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Re: CULT: question
iris-photos@yahoogroups.com
  • Subject: Re: CULT: question
  • From: "d7432da" <donald@eastland.net>
  • Date: Sat, 04 Sep 2010 18:14:17 -0000

 


Betty,

I think adding soil would only work if it were put in the entire bed. Otherwise I think the wind and rain would level it out and the rhizome would just end up too high as before. My soil is rocky. In heavy clay, but enough rocks and gravel that it drains rapidly. No rocky mulch.

I'm thinking it's probably not genetically based as far as the rhizomes being out of the ground. Could be on the lateness of the increases. They are all growing in the same general area and other things show signs of pushing above the soil line there as well. May be a function of rocky soil being pushed up by tree roots. The area is under two large oaks. Certainly areas close to the trees push up rocks and stones, but those don't have roots to anchor them. However I'm accustomed to planting under the oaks and it hasn't been a problem elsewhere. Soil can vary wildly in just a few feet on the sloping ground, so it still could be what's going on.

Donald

--- In iris-photos@yahoogroups.com, Betty Wilkerson <Autmirislvr@...> wrote:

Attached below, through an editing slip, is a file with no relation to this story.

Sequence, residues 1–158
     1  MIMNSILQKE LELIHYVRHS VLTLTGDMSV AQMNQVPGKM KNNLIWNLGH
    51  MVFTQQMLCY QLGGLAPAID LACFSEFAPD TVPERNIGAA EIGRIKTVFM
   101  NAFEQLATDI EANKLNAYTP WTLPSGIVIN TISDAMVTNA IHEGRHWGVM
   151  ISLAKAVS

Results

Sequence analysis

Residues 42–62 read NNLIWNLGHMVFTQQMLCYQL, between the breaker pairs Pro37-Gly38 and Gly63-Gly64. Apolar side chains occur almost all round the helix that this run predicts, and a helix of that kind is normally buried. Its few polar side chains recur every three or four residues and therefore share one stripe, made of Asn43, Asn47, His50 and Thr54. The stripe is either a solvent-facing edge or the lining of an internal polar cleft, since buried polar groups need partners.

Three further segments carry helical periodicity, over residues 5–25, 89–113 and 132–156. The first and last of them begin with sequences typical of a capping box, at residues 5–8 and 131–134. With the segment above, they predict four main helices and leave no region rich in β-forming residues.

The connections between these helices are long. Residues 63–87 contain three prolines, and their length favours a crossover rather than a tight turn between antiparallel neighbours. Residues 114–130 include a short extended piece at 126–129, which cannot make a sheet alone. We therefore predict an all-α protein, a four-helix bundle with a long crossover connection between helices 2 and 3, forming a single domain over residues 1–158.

>
>
> Hi Donald,
>
> It would seem that the easiest answer would be to add soil to the top. Is this an option? Your soil looks a lot more rocky than mine, or is that an added rock mulch?
>
>
> <<Has anyone fiddled around with rhizomes that do this?>>
> Typically, I let them sink or swim on their own as I don't want "difficult" tendencies adding to my breeding problems. One entire cross didn't put on increases for over a year. Eventually they did but remained scarce, and they didn't bloom for something like three years. As it turned out they were a waste of time and space. A reverse cross was better in all ways.
>
>
>
> Betty W.
> KY zone 6
>
>
> -----Original Message-----
> From: Donald Eaves <donald@...>
> To: iris-photos <iris-photos@yahoogroups.com>
> Sent: Fri, Sep 3, 2010 9:57 pm
> Subject: [iris-photos] CULT: question
>
>
>



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